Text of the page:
Young Cueva said his uncle came from an immigrant family that had basic needs like food and love but lacked toys and childhood items. David and his wife Mary P. Cueva, a longtime Vacaville Unified School District teacher, wanted to find a way to give to low-income children in the Vacaville community. As a result, they started the Bike Project.
“The Bike Project isn’t just about restoring bikes and donating them to those in need,” Daniel said. “The Bike Project aims to restore lives by helping to rehabilitate inmates who work in the program.
He recalled how his uncle, aunt Mary and cousin Leanna dressed up as Santa Claus, Mrs Claus and an elf at a giveaway around Christmas.
“He treated everyone with dignity and respect, and that’s something I bring with me today and try to emulate,” Daniel said.
The keynote speaker was Jon Grobman, the director of Paws for Life, which socializes rescue dogs with inmates. Grobman was previously incarcerated at CMF and met David upon his arrival. After completing orientation, David hired Grobman as a clerk.
Working in a small office with David, Grobman said he learned the things he was passionate about.
“Every holiday the office was decorated, but no more so than on Halloween when he turned the office into a haunted house,” he said.
Several months after being David’s clerk, Grobman became the project coordinator.
“It was really her baby and her gift to the world,” he said. “At its peak in 1999, the Bike Project refurbished, restored and refurbished 500 bicycles. It was not an easy task, but it was his focus, tenacity and dedication that made it possible.
Grobman recalls mechanics building a bike specifically for a boy with special needs and the joy he felt helping the child get his bearings and watching him giggle and giggle as he rode.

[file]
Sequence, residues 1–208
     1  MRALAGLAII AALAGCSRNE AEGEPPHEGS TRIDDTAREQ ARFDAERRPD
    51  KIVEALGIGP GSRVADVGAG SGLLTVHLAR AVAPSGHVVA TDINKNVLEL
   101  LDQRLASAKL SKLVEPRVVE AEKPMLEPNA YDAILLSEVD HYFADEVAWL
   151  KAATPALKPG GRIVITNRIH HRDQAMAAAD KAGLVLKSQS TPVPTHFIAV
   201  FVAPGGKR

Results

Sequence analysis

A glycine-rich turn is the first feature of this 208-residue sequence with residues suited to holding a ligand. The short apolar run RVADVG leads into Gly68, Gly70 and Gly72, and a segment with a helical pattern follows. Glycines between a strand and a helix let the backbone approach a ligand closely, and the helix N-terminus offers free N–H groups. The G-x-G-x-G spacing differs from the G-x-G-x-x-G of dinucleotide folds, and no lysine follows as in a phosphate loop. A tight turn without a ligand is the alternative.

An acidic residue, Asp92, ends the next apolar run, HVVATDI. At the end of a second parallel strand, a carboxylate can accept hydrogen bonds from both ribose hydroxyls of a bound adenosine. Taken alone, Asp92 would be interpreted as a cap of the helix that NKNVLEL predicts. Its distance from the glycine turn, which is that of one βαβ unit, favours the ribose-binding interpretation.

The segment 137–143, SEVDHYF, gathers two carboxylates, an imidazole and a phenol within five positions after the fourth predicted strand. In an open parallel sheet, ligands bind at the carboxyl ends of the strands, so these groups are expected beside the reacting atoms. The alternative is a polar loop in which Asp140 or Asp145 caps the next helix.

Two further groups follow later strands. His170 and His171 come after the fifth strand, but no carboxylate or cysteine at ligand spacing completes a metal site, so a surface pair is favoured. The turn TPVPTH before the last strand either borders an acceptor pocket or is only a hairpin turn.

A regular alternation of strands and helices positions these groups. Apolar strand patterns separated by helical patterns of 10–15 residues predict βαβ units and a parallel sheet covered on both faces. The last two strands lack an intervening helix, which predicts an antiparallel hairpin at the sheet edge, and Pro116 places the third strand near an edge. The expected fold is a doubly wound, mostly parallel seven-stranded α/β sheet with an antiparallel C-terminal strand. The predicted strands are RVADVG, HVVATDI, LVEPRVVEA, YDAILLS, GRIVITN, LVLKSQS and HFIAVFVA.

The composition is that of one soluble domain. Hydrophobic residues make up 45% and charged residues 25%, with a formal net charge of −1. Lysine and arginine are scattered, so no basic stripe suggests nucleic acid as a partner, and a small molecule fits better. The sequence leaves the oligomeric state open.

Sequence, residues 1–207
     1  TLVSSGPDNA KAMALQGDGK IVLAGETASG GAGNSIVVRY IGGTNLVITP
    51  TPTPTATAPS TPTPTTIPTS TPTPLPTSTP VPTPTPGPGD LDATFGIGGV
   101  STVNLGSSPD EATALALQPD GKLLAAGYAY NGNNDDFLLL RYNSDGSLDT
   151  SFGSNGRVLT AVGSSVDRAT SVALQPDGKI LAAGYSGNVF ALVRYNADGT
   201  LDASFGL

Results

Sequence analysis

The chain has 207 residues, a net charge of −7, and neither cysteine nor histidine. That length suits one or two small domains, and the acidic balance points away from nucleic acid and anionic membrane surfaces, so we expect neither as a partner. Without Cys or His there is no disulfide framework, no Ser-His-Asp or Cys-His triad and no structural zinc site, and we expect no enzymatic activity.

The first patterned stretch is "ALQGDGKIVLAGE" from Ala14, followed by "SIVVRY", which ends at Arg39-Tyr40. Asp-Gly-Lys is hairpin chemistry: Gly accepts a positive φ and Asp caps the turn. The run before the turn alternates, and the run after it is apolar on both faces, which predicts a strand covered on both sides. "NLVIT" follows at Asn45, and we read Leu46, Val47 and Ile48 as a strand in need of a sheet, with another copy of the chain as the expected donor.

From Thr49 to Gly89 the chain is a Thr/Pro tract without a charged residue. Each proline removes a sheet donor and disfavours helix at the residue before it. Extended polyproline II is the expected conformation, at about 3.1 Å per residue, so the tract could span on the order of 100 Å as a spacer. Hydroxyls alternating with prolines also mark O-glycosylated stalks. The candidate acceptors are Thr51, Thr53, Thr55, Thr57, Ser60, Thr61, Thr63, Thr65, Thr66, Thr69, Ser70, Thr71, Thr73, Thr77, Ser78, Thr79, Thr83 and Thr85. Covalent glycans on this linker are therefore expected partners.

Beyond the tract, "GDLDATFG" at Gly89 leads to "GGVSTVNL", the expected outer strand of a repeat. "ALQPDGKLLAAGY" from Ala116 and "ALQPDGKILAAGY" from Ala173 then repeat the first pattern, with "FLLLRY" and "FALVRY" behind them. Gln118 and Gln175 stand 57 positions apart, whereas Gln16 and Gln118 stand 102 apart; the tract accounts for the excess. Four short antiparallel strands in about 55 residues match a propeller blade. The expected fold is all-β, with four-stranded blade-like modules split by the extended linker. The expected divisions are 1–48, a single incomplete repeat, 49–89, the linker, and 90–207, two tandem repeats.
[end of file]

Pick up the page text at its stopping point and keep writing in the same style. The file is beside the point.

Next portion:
“I have never seen anything so special, and it was all down to Sgt. Cueva’s vision and generosity,” he said.
The final speakers were David’s wife, Mary, and his daughter, Leanna Cueva-Vigil. Mary said her husband was very proud to be part of CMF, but joked that even “if he was here, I doubt he would be”.
“That’s the kind of guy he was,” she said.
Cueva-Vigil said her father was very humble about his job.
“He wasn’t the kind of man who would talk about his actions,” she said. “He would just go ahead and do it.”
Nonetheless, Cueva-Vigil said, “I know he’s watching and I know he’s proud too.”
Mary said the hard work was evident in the happiness the children experienced when they received their bikes.
“Seeing him walk into my classroom, you could see that the kids respected that we were caring enough to go out and get things for them,” she said.
Cueva-Vigil said her father always spoke warmly of his time at CMF and even spoke of the inmates as if they were part of the family. His belief was that “sometimes people make bad decisions, but in the end they are good”.
It’s a mantra that stuck with him.
“If these people made a bad decision and they’re landing at CMF and they’re trying to figure out a way to make it right, then you know what?” she says. “I’m not going to judge a book by its cover. If they want to help and they want to improve the community by doing that, then they’re not bad people.
The Cuevas joined Acting Deputy Chief Executive Cherita Snelling and other CDCR staff to preside over a ribbon-cutting ceremony that unveiled a new sign for the bike project hangar that read “ Volunteers of Vacaville Bike Project is. 1985 by David Cueva.
Daniel Cueva also received a scrapbook with a history of the project, including newspaper clippings and inventory lists.
Bikes can be dropped off in the fenced area under Tower 1. People requesting bikes can email Emily Haley, Community Resources Manager, at [email protected]